New and emerging pests e.g. Drosophila suzukii, and quarantine pathogens such as Pseudomonas syringae pv. actinidiae (Psa), Xanthomonas fragariae (Xf) and X. arboricola pv. pruni (Xap) that have been introduced into Europe have been identified as major phytosanitary risks and pose a major challenge to fruit production.
Drosophila suzukii is an invasive pest native to Asia that was first reported in Europe in 2008, and has since rapidly spread across the continent. It is highly polyphagous and infests a wide variety of berry and stone fruits. The larvae feed and develop within ripening fruit causing it to soften and rapidly rot, resulting in significant reduction in crop yields and financial losses, and can be so devastating that 100% fruit losses on many crops (e.g. Cherries) have been reported. In Northern Italy, annual losses in fruit crops of over €8 million and over €4 million for cherries in France have been reported. A loss of just 10% (1.1 million tonnes) of the strawberry crop in the EU represents €50 million in lost income. In 2011, a pest risk assessment by the European and Mediterranean Plant Protection Organisation (EPPO) recognised the importance of D. suzukii as a serious pest of soft fruits, stone fruits and grapes in most parts of the EPPO region. It is also considered that an eradication programme and regulation would be unlikely to retard its spread, and that there was currently no effective control strategy against this pest. Hence, D. suzukii poses a serious challenge to fruit production in Europe, and the lack of knowledge on its basic biology has seriously hampered the development of rational and effective IPM strategies.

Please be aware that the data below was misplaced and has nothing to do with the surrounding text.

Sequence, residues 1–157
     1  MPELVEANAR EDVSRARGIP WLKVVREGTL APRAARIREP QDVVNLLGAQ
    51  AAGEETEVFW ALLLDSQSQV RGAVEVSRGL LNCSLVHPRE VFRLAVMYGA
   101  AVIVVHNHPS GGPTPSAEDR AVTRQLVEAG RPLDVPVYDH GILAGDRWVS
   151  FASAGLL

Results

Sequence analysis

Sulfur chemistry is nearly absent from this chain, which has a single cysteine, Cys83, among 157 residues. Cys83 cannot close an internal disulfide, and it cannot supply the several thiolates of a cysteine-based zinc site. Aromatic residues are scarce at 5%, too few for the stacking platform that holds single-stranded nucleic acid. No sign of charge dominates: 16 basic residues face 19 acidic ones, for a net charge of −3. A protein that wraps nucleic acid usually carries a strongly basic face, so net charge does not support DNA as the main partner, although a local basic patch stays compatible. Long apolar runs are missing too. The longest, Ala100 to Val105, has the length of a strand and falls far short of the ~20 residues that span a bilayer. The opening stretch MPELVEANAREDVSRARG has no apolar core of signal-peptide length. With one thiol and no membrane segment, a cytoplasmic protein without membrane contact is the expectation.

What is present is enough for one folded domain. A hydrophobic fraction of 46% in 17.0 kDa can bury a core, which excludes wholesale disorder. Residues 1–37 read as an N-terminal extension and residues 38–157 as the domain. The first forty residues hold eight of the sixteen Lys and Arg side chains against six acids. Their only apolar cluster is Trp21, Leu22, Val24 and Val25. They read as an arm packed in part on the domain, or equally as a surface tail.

The production and quality of fruit in the EU is also severely threatened by bacterial diseases caused by Psa, Xap and Xf which represent the most recent and devastating outbreaks of disease to affect European fruit production. Control options are limited due to the virtual absence of, and restrictions on, effective bactericides, so there is an urgent need to develop effective and practical strategies for their management to protect the EU fruit sector. DROPSA has focussed on Psa on kiwifruit, Xap on stone fruits, and Xf on strawberry, but these pathogens affect all the main fruit types, so strategies developed for their control will be transferable to other fruit crops.
Italy are the second largest producer (after China) and second largest exporter (after New Zealand) of kiwifruit equating a value for agricultural of over €3 billion with a retail market value worth €10 billion, and is vital to the economy of the five main regions (Lazio, Emilia, Romagna, Piedmont, and Veneto) where 80% of Italy’s production is concentrated. Kiwi production has been compromised by Psa, which is currently the most virulent and devastating disease in fruit crops. Economic impacts for farmers have been estimated to be over €85000/hectare/year in production losses, orchard investment and plant destruction to stop the spread of infection, reducing production in orchards by 10-50%. Revenue losses of over €40 million have also been reported for Psa damage to kiwifruit in the Lazio region of Italy and in New Zealand Psa is estimated to cost the kiwifruit industry over €50 million per annum.